“The Church does not approve of illegal immigration…But nor can the Church ignore the plight among us of those who are here without legal status…We stand in solidarity with you too.” The Church, said Pope John Paul II in his migration day message, “is the place where illegal immigrants are also recognized and welcomed as brothers and sisters.”
“It is one of the central tasks of Christians – a constant theme of the Old and New Testaments – to offer hospitality to the exile and the stranger, seeing in him and her, the face of Christ. Faith in the presence of Christ in the migrant leads to a conversion of mind and heart, which leads to a renewed spirit of communion.”
The Catholic Establishment is so infatuated with creating such a spirit that it refuses to ask immigrants even to show a fundamental respect for others, let alone to assimilate into their new societies and obey the laws. Perhaps this is most true in Belgium, where the bishops encourage illegal Muslim immigrants to take over churches in virtually every diocese.
Since the late 1990’s, Belgium’s bishops have turned their churches into immigrant centers as part of a campaign to intimidate the government into granting amnesty. Such a campaign in 2000 forced the government to legalize 50,000 immigrants.
In March, Belgian Home Secretary Patrick Dewael granted residency permits to 60 Muslim squatters at St. Boniface Church in suburban Brussels after all 118 squatters went on a hunger strike. Then came the deluge. By mid-May, more than 30 Catholic churches throughout Belgium were occupied by illegal immigrants, the vast majority of them Muslim. About 300 Africans occupied Antwerp’s Magdalena Chapel; other churches had more than 700 squatters living inside.
The squatters also conduct Muslim services in the churches; a banner bearing the word “Allah” in Arabic hung in Our Lady of Perpetual Succor Church in Brussels.
Pictures from the same church showed squatters’ tents – gifts from Catholic relief agencies – filling floor space in the sanctuary, computer tables standing near the pulpit – and a group of people lighting a fire on the church floor.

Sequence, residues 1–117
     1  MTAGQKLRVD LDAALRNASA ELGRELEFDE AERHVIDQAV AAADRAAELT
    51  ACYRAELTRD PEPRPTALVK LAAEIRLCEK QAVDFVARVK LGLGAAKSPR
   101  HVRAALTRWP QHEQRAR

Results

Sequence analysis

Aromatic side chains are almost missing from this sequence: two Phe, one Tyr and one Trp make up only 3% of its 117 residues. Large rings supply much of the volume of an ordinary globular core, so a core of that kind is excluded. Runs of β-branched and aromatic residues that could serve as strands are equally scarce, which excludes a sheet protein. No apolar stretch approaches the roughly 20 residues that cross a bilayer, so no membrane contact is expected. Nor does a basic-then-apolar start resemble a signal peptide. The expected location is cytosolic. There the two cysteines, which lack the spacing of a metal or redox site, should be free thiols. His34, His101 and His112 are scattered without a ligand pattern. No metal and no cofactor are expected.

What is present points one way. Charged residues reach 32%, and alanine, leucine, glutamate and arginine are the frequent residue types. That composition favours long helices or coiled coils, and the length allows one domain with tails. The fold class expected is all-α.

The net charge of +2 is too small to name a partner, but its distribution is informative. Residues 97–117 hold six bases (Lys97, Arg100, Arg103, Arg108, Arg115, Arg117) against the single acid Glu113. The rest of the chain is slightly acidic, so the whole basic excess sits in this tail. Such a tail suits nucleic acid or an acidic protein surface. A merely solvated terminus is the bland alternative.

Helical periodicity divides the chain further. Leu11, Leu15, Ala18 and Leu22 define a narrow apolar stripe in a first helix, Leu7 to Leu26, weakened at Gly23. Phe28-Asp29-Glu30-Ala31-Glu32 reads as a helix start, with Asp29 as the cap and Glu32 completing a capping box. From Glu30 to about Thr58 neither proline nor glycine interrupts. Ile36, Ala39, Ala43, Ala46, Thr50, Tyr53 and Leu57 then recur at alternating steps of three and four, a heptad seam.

Our Lady of Perpetual Succor has not been the only site for such activities. Father Herwig Arts, a conservative author, described the scene at Antwerp’s Jesuit chapel for the daily Gazet van Antwerpen in 1998:
“(Immigrants) removed the tabernacle, (and) installed a television set and radios, depriving us of the opportunity to pray in our own chapel and say Mass. It has upset me very much. For me, the place has been desecrated. I feel I cannot enter it anymore.”
Yet the Belgian bishops do not care about such trivia as the desecration of their own worship space.
“Everybody is entitled to a good place in our society. Also illegal fugitives,” said Monsignor Luc van Looy, the bishop of Ghent.
“Solidarity cannot be limited to one’s own nation,” added Cardinal Godfried Danneels, the archbishop of Brussels and Belgium’s leading prelate.
As The Brussels Journal reported on May 5, “Father Arts was severely criticized for his comments. Today he remains silent, as do all Catholic priests…”
Even the Vatican supports the bishops. Monsignor Karl-Josef Rauber – the Holy See’s nuncio, or diplomatic representative, to Belgium – told the leftist daily De Morgen on May 10 that “the Church has always sided with the weak.” But public criticism forced Rauber’s office to retreat slightly. On May 11, the Brussels daily De Standaard published this quote from Rauber’s office: “The nuncio cannot interfere in this issue. However, whatever the Belgian bishops say, the nuncio supports them because the bishops are wise men.”
Ironically, the nuncio and the bishops are violating official church policy as expressed in paragraph 61 of the 2004 document, Erga Migrantes Caritas Christi (The Love of Christ towards Migrants):
“To avoid misunderstandings and confusion, and considering the religious diversity that we mutually recognize, and out of respect for sacred places and the religion of the other too, we do not consider it opportune for Christian churches, chapels, places of worship or other places reserved for evangelization and pastoral work to be made available for members of non-Christian religions. Still less should they be used to obtain recognition of demands made on the public authorities.”
Without papal enforcement through canon law, however, such a policy is merely ink on paper.
“Benedict XVI understands that Catholicism is in trouble in Europe,” Tom Bethell wrote in the October edition of The American Spectator, “but has not yet shown that he has the courage to do anything about it.”
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Joseph D’Hippolito is a columnist for Frontpagemag.com, whose main focuses are religion and the Israeli-Palestinian conflict.